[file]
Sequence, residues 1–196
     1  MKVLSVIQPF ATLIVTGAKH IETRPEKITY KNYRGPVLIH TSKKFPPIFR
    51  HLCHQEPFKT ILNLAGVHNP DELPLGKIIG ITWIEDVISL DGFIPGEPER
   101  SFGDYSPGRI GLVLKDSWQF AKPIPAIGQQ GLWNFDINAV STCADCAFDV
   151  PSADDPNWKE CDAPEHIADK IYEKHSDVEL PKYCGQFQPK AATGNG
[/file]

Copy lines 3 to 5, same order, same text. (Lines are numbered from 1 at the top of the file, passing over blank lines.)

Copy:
    51  HLCHQEPFKT ILNLAGVHNP DELPLGKIIG ITWIEDVISL DGFIPGEPER
   101  SFGDYSPGRI GLVLKDSWQF AKPIPAIGQQ GLWNFDINAV STCADCAFDV
   151  PSADDPNWKE CDAPEHIADK IYEKHSDVEL PKYCGQFQPK AATGNG